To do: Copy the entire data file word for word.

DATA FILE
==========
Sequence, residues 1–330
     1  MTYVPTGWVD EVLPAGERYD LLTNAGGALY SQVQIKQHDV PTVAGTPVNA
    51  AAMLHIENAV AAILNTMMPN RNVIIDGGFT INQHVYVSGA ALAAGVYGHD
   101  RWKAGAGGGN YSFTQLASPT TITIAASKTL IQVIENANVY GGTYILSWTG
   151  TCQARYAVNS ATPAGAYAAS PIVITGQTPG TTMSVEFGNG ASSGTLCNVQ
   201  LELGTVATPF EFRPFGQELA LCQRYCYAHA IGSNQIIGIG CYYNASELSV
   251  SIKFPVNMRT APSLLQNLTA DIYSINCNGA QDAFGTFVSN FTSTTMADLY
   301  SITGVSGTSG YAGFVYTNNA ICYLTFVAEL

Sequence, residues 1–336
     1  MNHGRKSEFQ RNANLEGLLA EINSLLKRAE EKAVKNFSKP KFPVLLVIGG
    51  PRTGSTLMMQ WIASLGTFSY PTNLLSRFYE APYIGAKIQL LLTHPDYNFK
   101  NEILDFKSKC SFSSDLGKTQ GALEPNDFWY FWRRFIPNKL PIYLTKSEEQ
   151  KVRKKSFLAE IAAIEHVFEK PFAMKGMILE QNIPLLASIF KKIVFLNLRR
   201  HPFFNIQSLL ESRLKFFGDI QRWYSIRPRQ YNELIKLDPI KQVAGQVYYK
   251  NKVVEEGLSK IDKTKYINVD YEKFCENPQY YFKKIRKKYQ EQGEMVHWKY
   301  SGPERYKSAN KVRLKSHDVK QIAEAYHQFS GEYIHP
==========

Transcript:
Sequence, residues 1–330
     1  MTYVPTGWVD EVLPAGERYD LLTNAGGALY SQVQIKQHDV PTVAGTPVNA
    51  AAMLHIENAV AAILNTMMPN RNVIIDGGFT INQHVYVSGA ALAAGVYGHD
   101  RWKAGAGGGN YSFTQLASPT TITIAASKTL IQVIENANVY GGTYILSWTG
   151  TCQARYAVNS ATPAGAYAAS PIVITGQTPG TTMSVEFGNG ASSGTLCNVQ
   201  LELGTVATPF EFRPFGQELA LCQRYCYAHA IGSNQIIGIG CYYNASELSV
   251  SIKFPVNMRT APSLLQNLTA DIYSINCNGA QDAFGTFVSN FTSTTMADLY
   301  SITGVSGTSG YAGFVYTNNA ICYLTFVAEL

Sequence, residues 1–336
     1  MNHGRKSEFQ RNANLEGLLA EINSLLKRAE EKAVKNFSKP KFPVLLVIGG
    51  PRTGSTLMMQ WIASLGTFSY PTNLLSRFYE APYIGAKIQL LLTHPDYNFK
   101  NEILDFKSKC SFSSDLGKTQ GALEPNDFWY FWRRFIPNKL PIYLTKSEEQ
   151  KVRKKSFLAE IAAIEHVFEK PFAMKGMILE QNIPLLASIF KKIVFLNLRR
   201  HPFFNIQSLL ESRLKFFGDI QRWYSIRPRQ YNELIKLDPI KQVAGQVYYK
   251  NKVVEEGLSK IDKTKYINVD YEKFCENPQY YFKKIRKKYQ EQGEMVHWKY
   301  SGPERYKSAN KVRLKSHDVK QIAEAYHQFS GEYIHP